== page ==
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"Overall in the countries we studied, a person in 2016 could buy 71 percent more sugar-sweetened beverages with the same share of their income than they could in 1990," said study co-author Jeffrey Drope, from the American Cancer Society.
"Sugary drinks became even more affordable in developing countries, where 2016's income could buy 89 percent more sugar-sweetened beverages than in 1990. That's essentially half-price," he noted in a cancer society news release.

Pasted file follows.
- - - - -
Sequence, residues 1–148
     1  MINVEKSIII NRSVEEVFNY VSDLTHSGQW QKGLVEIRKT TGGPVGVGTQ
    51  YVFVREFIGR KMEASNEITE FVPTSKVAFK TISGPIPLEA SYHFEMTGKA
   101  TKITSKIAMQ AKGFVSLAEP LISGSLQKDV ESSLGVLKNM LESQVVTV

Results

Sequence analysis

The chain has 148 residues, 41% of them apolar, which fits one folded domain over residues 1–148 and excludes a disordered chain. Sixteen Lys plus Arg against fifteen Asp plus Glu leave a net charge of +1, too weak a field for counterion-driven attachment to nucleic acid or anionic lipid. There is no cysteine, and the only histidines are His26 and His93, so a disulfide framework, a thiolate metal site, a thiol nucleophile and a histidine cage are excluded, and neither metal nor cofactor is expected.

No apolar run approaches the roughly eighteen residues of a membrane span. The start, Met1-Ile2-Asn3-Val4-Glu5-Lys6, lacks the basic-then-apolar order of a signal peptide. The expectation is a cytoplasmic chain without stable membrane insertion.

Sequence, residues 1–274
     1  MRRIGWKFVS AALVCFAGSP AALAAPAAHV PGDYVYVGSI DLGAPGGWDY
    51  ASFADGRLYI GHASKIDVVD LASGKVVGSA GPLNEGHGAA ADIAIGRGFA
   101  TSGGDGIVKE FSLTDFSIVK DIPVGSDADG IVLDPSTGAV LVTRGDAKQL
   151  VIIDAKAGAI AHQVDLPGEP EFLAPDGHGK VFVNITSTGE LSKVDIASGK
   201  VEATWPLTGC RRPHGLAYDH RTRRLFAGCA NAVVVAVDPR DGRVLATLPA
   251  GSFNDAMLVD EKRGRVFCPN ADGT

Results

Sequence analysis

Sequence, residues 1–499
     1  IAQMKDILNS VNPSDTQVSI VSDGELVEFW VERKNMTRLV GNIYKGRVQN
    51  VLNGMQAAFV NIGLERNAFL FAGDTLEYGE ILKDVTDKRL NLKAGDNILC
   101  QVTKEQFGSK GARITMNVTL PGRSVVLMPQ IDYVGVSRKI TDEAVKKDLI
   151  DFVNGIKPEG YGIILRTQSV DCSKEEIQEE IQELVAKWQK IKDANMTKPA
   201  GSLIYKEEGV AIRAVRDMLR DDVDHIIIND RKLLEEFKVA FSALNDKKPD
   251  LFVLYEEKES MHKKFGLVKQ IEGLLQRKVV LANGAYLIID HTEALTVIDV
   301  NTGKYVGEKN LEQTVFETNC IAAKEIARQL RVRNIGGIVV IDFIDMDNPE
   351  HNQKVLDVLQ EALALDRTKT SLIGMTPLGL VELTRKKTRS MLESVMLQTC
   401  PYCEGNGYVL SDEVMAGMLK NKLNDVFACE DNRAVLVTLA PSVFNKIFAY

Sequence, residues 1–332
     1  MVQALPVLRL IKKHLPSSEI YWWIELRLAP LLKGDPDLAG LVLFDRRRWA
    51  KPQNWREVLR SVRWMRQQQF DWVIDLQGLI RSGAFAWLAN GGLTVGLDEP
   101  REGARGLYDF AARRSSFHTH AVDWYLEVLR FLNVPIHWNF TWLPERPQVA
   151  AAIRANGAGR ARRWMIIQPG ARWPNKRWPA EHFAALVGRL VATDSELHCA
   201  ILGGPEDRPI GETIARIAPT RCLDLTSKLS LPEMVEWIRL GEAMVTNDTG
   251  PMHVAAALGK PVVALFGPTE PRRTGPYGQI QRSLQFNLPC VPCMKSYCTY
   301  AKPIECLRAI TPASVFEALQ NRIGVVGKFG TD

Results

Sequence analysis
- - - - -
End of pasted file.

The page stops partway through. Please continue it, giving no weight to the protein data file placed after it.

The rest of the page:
And, the researchers don't expect this trend to stop. They said the affordability of these products will hinder efforts to combat the global obesity epidemic.
Governments need to raise taxes on sugar-sweetened beverages to reduce consumption, the researchers said.
The study was published May 4 in the journal Preventing Chronic Disease.
-- Robert Preidt
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